Cannon to right of us
Cannon in front of us
Volleying and thundering
While all the world winders”
at our indifference and equanimity.
“And when the pie was opened
The birds began to sing.”
But when the ball is opened
All the boys will dance.
Yes, when will it open? We expected Beauregard would attack this morning but her didn’t. When he ventures out of his entrenchments, he may find himself and band captured. then the should-be “Southern Confederacy” will “dry up” and “blow away” just like any other thistle that encumbers the ground. As chaff before a strong wind, it will soon cease to have itself visible, audible, or feel-able. Then goodbye to daring soldiers. Farewell for a time linen towns! Welcome home friends and the comforts of a civil life. And good morning Mr. Assessor!!! My property isn’t taxable so good for me.
Now it is candlelight and I must hurry through before “Taps,” for then immediately all lights must be put out, so that if Mr. Beauregard feels inclined to make an attack, we will have no signal light in the 1st O.V.C. to lead his satanic footsteps. Let him walk rather with an eye of faith and discover what he can by his inward candle. Some love darkness rather than light. Others hide their lights under a bushel. That is what General [Henry] Halleck is doing as a “military necessity.” I suppose he thinks we soldiers know too much to tell before the impending battle, so you may find my letter rather stale before it reaches you. I’ve tried to write what will not be touching slightly on military matters. No being able yet to do harder business and having a better chance than may appear again for a good while, I write now and run the risk.
Before sealing I must tell you of some of our Ohio Generals. There is Gen. [George H.] Thomas in command of this, the Right Wing. A good-looking, brave, whole-souled gentleman, scholar, and soldier. He was tried at Mill Springs and proved his invaluable service to our country. He is a Major General.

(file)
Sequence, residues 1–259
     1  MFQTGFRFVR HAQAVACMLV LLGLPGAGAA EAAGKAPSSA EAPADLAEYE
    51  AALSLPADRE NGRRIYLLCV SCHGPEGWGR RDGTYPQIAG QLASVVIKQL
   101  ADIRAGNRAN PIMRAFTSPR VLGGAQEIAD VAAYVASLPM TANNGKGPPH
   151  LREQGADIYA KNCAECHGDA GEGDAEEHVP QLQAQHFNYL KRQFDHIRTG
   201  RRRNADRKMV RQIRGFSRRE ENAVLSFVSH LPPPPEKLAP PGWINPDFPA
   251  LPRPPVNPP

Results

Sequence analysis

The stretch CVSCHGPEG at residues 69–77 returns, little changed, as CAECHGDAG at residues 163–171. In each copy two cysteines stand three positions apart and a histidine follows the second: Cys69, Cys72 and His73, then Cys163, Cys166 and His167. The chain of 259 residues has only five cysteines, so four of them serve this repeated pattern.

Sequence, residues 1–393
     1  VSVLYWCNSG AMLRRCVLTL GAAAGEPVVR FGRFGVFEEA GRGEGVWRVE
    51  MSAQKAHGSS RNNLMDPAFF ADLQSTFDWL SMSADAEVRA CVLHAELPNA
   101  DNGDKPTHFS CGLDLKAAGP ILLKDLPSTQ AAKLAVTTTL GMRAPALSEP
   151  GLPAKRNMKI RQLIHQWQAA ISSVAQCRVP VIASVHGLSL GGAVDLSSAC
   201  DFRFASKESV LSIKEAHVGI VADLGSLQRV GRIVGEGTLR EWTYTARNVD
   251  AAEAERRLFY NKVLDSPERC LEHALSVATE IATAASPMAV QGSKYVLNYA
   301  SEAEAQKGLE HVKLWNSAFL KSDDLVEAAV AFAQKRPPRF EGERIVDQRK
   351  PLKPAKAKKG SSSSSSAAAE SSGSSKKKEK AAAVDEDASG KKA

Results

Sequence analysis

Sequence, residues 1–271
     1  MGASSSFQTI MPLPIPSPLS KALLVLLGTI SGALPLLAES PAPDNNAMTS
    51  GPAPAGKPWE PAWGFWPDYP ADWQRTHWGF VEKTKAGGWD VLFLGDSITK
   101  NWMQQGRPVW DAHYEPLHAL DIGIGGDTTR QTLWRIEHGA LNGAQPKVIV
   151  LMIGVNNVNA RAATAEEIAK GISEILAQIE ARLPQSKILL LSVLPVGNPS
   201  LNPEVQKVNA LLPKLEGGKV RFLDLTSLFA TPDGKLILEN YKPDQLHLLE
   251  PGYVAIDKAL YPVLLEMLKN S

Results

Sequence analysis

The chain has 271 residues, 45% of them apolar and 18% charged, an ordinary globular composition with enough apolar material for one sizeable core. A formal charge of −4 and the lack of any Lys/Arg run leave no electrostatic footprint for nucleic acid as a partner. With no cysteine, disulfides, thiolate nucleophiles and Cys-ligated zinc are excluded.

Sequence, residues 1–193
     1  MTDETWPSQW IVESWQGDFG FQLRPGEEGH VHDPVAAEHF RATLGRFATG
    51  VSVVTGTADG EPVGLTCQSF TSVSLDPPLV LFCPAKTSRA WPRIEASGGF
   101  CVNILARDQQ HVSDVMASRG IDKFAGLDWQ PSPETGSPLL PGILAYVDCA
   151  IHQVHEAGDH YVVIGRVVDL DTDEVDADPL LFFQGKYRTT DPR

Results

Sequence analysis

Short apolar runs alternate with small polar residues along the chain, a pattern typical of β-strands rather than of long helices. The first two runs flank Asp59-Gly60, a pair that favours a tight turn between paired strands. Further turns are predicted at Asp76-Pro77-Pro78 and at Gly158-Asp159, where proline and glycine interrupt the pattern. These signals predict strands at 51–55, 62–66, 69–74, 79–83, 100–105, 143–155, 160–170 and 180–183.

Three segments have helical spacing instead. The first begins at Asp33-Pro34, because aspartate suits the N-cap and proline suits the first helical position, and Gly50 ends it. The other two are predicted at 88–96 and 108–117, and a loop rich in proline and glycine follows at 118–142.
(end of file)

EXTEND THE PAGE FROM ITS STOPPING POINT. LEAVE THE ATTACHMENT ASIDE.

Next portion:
General Bob McCook ¹ is one of those enthusiastic, energetic, cool calculating, go-ahead boys of the “fighting family.” He is a Brigadier and the pet of his command. In day time continually in the alert. Dresses in privates clothes and is everywhere familiarly known as “Bob.” When tired, coming in late, the first tent he comes to he stops, calls out, “hello!” One of the mess comes out, takes his horse and riding to headquarters tells where “Bob” may be found. In the meantime, the General has entered the tent and saying, “lay over boys and divide the blankets,” nestles down to sleep. The boys fear and love him and all declare they would die for him—even those whom he kicks when they get in a muss like him better for it.
When you receive this, answer, and believe me still your cousin, — R. C. Manly
To Miss Anna M. Seiby
¹ Robert Latimer McCook (1827-1862) served first as the Colonel of the 9th OVI, and was promoted to command a brigade in the West Virginia Campaign under McClellan. When he transferred to the Army of the Ohio, he was wounded leading his men in a bayonet charge at the Battle of Mill Springs in January 1862. Though not fully healed from his wound, he rejoined his command was was shot in a skirmish with the 4th Alabama Cavalry near Huntsville, Alabama. Northern versions claimed he was shot by Confederate guerrillas while lying helpless in an ambulance, but a Southern version disputes this. In agony from a mortal wound in the intestines, he was taken to a nearby house, where he died within 24 hours. [Wikipedia]